In Quinhagak, a village of 500 located at the mouth of the river, salmon fishing is the chief economy. ``This industry is essentially the only opportunity villagers have,'' says state biologist Kim Francisco, who manages the area's commercial fisheries. Still, Quinhagak accounts for only a fraction of Alaska's annual salmon harvest. With an average household income of $5,000, the village is well behind the $27,000 regional average.

Many villages like Quinhagak augment income from commercial fishing with a proven rural tradition - subsistence. It's a way of life that depends less on a cash economy and more on fishing for personal use.

After the passage of a law that established Alaska native ownership of land 18 years ago, Congress expanded the federal conservation system in 1980, giving subsistence users access to federal land and a preference over other users. Subsistence is supposed to coexist with other uses; if wildlife populations decline, subsistence is given priority.

Although most natives favor this law, the concept of private ownership has been difficult. In the past, hunting and fishing rights were based on prior use, kinship, and regional affiliation. Natives didn't consider themselves proprietors of land with rigid boundaries.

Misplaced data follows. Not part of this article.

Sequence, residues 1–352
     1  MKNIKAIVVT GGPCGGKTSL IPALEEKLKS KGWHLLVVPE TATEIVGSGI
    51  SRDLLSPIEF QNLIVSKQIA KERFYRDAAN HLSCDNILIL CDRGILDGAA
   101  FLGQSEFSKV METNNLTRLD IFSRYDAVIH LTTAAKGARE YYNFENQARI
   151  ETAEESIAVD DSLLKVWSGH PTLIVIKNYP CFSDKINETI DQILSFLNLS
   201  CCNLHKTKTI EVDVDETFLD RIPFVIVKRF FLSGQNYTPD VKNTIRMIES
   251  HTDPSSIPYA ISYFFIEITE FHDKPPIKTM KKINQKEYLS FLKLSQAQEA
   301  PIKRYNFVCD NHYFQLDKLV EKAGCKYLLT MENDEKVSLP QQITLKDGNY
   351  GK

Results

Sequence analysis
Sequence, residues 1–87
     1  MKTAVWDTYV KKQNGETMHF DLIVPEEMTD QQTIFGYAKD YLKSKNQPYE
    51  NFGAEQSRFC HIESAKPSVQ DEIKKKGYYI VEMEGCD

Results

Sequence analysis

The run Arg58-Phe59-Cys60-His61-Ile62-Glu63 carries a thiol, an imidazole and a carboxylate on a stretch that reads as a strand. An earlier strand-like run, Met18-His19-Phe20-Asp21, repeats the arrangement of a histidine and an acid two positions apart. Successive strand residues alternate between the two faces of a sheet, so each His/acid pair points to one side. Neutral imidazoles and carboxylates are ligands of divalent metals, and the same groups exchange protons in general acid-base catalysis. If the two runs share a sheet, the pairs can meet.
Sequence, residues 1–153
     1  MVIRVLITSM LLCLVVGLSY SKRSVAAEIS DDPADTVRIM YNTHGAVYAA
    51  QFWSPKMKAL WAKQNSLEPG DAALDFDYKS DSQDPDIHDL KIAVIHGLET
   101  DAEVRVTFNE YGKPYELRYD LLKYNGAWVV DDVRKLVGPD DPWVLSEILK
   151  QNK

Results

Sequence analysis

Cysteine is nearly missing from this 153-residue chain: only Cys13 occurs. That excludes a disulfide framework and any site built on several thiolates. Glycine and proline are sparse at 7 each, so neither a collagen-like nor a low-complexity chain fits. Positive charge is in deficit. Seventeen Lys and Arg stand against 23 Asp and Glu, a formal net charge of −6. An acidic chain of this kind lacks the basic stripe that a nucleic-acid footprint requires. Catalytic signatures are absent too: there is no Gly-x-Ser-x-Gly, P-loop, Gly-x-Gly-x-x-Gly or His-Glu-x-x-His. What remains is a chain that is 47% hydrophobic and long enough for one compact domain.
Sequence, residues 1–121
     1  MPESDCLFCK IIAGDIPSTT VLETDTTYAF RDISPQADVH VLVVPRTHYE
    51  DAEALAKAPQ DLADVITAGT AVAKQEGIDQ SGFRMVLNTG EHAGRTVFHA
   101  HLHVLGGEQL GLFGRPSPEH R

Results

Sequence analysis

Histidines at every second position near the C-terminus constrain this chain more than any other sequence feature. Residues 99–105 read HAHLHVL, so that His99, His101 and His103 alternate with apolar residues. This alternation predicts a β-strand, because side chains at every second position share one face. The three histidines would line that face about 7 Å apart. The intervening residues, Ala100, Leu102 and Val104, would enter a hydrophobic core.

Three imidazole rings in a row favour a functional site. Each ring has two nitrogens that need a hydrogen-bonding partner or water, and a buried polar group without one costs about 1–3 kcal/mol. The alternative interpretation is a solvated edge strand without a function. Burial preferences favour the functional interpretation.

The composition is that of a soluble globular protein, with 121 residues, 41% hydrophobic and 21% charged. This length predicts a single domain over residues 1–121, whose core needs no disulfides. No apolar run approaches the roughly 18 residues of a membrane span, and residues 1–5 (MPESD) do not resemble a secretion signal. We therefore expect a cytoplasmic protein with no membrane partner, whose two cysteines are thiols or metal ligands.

Still, Quinhagak made its selections along the Kanektok, some 20 miles upstream from the village. Afterward, a refuge management plan was adopted and land above this boundary was designated wilderness. The river itself remained in the public domain.

By 1981, a change had taken place on the Kanektok. Word of the river leaked to an affluent sport fishing industry. Nonnative guides began floating on the river from Kagati Lake to Quinhagak.

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``Those first years were amazing,'' says Kibbons. ``The number of fish, particularly large fish, was phenomenal.'' The river, which supports 13 fish species - from rainbow trout to all five kinds of Pacific salmon - became known for its trophy trout, often over 20 inches long.